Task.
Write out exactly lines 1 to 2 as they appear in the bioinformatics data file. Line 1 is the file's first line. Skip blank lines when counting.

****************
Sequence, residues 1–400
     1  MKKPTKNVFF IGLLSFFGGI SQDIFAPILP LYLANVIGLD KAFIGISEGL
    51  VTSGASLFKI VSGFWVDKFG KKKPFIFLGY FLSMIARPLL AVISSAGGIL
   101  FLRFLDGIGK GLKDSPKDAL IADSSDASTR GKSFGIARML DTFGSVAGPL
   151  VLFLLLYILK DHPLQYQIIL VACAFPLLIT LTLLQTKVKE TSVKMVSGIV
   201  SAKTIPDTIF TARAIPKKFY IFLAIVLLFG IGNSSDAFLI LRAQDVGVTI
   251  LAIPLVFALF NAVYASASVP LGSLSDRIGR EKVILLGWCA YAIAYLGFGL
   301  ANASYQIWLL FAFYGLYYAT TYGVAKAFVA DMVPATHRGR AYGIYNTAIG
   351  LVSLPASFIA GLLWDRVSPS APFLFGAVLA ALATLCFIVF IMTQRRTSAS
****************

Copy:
Sequence, residues 1–400
     1  MKKPTKNVFF IGLLSFFGGI SQDIFAPILP LYLANVIGLD KAFIGISEGL